Our Man In Canada
December 24th, 2007

Giving or Getting
By Chris Chin, St-Séverin de Proulxville, Québec

The Holiday Season is upon us. Another year has passed and one often looks back over the season and wonders what one has to show for it.

"Show for it?" Hmmm,... Well I'm not a trophy hunter (angler) so big fish aren't a big priority (anymore). Well, there was one nice salmon which almost spooled me on the #8 at the same moment that the drag on my old LTD gave up the ghost.

I look back through the fishing log that Jed and Joan gave to me a couple years ago and I see that I didn't register one single "trophy" fish to myself this year. There were quite a few entries this year though:

  • A lifetime record of a sea trout for Boris;

  • A first ever Atlantic salmon for Stéphane;

  • A first ever big sea run Brookie for Eric, and many others.

There were also some memorable moments this year;

  • Frank's beaming face when we finally met up just outside of Chicoutimi for a weekend of fishing;

  • Renée satisfaction when she started to really load the rod on a single haul;

  • Gibb's look of wonder when the same salmon came back to his fly on several occasions;

  • Jenny finding the Zone and letting her rod load properly, then laying out a perfect presentation to a suicidal 6 lb. trout.

  • The accolades and kind words given by friends and family at Serge's memorial service in the spring.

After a bit of serious reflection, I have come to the firm conviction that I truly do get as much, if not more satisfaction from helping friends and family connect to fish than catching them myself. I suppose that this may be because I've already captured many fish. Not as many as Les in PA nor the majority of the anglers here on FAOL, but enough.

I guess this all connects well to the Christmas spirit of giving. Not the Big Box stores' notion of buying gratitude, but a profound sentiment of "well being" through the simplest of acts. Giving doesn't have to be a methodically synchronized action plan. The most banal of actions may lead to someone have a more pleasant day.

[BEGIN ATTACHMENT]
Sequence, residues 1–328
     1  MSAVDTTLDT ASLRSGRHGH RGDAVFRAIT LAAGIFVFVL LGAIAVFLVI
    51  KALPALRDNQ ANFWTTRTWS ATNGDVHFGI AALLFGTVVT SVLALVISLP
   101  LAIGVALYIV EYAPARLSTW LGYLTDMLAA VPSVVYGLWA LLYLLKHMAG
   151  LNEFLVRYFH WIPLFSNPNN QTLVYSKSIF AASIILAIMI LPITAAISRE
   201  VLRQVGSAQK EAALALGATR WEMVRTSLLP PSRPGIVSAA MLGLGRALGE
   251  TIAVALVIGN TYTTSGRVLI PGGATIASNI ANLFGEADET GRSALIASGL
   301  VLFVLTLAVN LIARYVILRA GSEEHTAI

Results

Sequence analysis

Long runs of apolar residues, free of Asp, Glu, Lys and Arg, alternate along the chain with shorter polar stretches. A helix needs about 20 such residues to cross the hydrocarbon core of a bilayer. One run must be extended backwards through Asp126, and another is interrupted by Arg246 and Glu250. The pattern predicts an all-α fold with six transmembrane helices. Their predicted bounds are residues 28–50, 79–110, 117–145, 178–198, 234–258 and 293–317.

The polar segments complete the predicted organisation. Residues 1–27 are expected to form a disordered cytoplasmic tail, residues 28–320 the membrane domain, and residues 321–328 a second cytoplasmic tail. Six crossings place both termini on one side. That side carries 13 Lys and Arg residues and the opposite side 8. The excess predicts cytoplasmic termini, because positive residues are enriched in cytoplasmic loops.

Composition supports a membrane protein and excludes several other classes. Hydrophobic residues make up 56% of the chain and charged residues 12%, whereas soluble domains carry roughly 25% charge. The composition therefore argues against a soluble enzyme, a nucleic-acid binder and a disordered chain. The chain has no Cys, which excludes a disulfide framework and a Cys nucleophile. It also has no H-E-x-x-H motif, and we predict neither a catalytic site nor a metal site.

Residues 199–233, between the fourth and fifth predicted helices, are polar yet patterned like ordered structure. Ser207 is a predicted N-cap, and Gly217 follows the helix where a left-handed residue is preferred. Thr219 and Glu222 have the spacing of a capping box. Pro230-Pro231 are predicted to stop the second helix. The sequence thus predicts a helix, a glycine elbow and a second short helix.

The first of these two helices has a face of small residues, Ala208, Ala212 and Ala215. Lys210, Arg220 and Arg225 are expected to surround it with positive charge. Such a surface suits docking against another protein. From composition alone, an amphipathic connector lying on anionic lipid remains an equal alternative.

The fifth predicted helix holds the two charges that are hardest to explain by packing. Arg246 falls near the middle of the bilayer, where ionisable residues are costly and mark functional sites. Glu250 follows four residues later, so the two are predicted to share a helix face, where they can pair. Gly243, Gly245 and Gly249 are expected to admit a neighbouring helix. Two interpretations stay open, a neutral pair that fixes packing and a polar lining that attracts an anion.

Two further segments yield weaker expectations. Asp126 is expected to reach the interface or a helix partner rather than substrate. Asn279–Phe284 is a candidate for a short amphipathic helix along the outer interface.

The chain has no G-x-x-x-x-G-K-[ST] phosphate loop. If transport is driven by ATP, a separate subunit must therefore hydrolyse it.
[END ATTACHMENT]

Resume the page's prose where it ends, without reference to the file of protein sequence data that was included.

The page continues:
One of the stand out actions that I saw this past year was where Pierre Manseau and friends organized a "mentoring" program for novice salmon angers over in Gaspé. Some volunteers and Guides donated their time to show newcomers that Salmo salar is not beyond the reach of most fly fishers. Of course, most local clubs and chapters serve exactly the same purpose.

How about you?

In today's world of Online shopping, free home delivery and instant credit, (imho) the true value of a "gift" is getting pretty "virtual." The one and only thing that I can't beg, barter or steal is my time.

Several of my close associates at the office got small cards this year in their Christmas Bonus envelope. On the cards are written the names of 2 seasoned Salmo salar enthusiasts who are willing to take on a mentoring role for my friends. They get a dry land weekend in June to learn a few tricks of the trade, some advice on rod and gear selection and a day on one of the local rivers. In return for their time, I'm taking on half a dozen or so friends of my friends for some casting and angling clinics.

This all only took a few phone calls and a flurry of e-mails to organise.

So take your time this year and forget about battling the Christmas shopping rush. If you're wondering what to get your Dad for Christmas this year, try to remember the last time you when fishing with him.

From all of us up in the "Far North," Renée, Vincent, Kenny (whoof) and myself, we wish you a Happy and Safe Christmas. ~ Chris Chin, St-Séverin de Proulxville, Québec

About Chris:

Chris Chin is originally from Kamloops, British Columbia. He has been fly fishing on and off ever since he was 10 years old. Chris became serious about the sport within the last 10 years.

"I'm a forest engineer by day and part time guide on the Ste-Marguerite River here in central Quebec. I've been fishing this river for about 10 years now and started guiding about 5 years ago when the local guide's association sort of stopped functioning."

Chris guides mostly for sea run brook trout and about 30% of the time for Atlantic Salmon. "I often don't even charge service fees, as I'm more interested in promoting the river than making cash. I like to get new comers to realize that salmon fishing is REALLY for anyone who cares to try it. Tradition around here makes some of the old clan see Salmon fishing as a sport for the rich. Today our shore lunches are less on the cucumber sandwich side and more toward chicken pot pie and Jack Daniel's."

Chris is 42 years old as of this writing. He is of Chinese origin although his parents were born and raised in Jamaica. He has a girlfriend, Renée. "She and her 12 year old son Vincent started fly fishing with me in October 2002."

To learn more about the Ste-Marguerite River, visit Christopher's website http://pages.videotron.com/fcch/.

Our Man In Canada Archives

[ HOME ]

[ Search ] [ Contact FAOL ] [ Media Kit ]

FlyAnglersOnline.com © Notice